Knowing Your Competition
by David Broyles
Regardless of the type business you are either planning on starting, or attempting to grow, it’s imperative that you make it your business to study your competition. This highly disregarded fundamental will have a direct affect on your profitability. Let’s look at how to determine the level of competition in a retail operation.
Your competition will have a huge affect on the location that you choose. A retail business will draw its revenue from potential customers in a general area. If you are sharing this potential revenue base with others in your same business, you wind up sharing potential customers with another business or several businesses. You will find it much easier, faster and profitable to build your business in areas where you are the only supplier to your market. To determine your competition, go to the phone book, Internet or other local sources and identify every competitor in the area. Once you determine the number of potential customers you will need to make your business profitable, assume they will need that same amount and plot your potential target market around each of your competitors. Make sure the areas you are considering contain the type of customers you will need to sell to, and secondly overlap as little, if any of your competitor’s market.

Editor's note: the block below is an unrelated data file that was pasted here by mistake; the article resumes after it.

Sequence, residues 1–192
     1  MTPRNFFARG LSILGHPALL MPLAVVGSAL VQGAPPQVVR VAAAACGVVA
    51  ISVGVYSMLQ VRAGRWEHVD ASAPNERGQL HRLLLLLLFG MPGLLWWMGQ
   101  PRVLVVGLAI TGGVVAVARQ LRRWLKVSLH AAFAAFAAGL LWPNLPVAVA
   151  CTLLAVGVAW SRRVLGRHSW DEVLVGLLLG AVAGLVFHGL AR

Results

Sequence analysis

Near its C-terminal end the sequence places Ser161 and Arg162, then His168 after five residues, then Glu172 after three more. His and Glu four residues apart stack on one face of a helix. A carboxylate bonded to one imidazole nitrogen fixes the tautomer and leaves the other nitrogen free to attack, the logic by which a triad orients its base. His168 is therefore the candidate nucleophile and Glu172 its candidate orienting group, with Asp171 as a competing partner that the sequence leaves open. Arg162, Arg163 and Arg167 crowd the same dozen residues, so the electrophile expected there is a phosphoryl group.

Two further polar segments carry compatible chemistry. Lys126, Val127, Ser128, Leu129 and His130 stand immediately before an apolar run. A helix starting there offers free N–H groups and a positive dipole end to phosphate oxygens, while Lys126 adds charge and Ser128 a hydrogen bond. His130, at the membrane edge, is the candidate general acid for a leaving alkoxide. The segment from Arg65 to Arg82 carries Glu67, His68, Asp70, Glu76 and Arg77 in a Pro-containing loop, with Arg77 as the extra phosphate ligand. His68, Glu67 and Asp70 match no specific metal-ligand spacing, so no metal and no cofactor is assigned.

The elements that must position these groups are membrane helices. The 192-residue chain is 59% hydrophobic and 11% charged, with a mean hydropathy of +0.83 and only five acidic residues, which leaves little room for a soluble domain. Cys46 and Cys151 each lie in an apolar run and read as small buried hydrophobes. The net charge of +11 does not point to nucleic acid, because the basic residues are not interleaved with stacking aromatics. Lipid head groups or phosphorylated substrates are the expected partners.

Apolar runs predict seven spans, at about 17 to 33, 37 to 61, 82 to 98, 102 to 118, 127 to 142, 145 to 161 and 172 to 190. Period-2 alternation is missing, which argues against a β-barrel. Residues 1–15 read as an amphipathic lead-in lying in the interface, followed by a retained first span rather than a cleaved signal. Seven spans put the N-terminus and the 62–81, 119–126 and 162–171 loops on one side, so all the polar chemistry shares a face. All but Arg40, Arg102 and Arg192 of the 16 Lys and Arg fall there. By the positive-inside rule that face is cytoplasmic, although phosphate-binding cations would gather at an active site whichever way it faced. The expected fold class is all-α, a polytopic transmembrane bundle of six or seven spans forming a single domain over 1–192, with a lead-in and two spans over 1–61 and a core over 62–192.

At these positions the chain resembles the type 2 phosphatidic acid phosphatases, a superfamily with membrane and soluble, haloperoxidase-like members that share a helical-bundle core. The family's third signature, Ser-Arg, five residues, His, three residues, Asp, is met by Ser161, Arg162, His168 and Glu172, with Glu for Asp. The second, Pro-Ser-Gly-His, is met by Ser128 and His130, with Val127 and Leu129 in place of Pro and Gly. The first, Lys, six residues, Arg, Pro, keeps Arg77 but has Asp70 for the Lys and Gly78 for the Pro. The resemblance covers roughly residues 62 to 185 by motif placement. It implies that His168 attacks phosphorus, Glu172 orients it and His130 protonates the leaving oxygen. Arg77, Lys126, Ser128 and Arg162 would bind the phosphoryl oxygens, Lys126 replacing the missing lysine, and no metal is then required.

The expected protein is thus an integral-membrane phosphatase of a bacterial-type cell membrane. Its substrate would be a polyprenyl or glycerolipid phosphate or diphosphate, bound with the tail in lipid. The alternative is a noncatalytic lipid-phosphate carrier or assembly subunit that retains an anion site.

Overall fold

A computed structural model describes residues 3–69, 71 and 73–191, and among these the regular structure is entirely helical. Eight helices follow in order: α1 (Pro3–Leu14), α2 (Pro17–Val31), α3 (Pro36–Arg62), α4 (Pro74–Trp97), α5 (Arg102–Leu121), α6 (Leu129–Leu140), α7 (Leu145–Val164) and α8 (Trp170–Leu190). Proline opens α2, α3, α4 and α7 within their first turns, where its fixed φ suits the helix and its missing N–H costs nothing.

Having a market more or less to yourself will give you two important advantages in the beginning: more potential customers to sell to and the ability to sell at your chosen level of profit instead of price cutting to attract your competitor’s customers. That will come later as you begin to saturate your market and are looking for additional revenue.
Increasing your sales or commonly referred to as “market penetration” will require more knowledge about your competition. Not only will you have to know who your competition is through sources we have already discussed, but also now it’s imperative you know the following about each:
1. Estimated sales revenue
2. Selling prices
3. Estimated customer count
4. Level of customer service
5. Inventory levels
Determining this information may not be as difficult as you think. Most businesses will try to turn their inventory approximately four times annually. It will be up to you to visit your competitor’s operation, and visually access their stocking levels. Assuming they pay the same price you do, make an educated assessment of their inventory level. Multiply that number by four, and once again by your current profit margin and you will have a reasonable estimate of their sales revenue. To determine selling prices, you and a friend could purchase products on different days to formulate competitive price levels. At the same time you are making your purchases, ask questions of the clerk, ask for hard to find inventory and check on special orders. These are the types of questions that will allow you to gauge customer service levels. Lastly, customer counts are exactly what it sounds like, you or someone you know counting the customers entering the store on multiple given days.
There is nothing as important to a successful business as knowing your competition. It is an extremely important key to your success.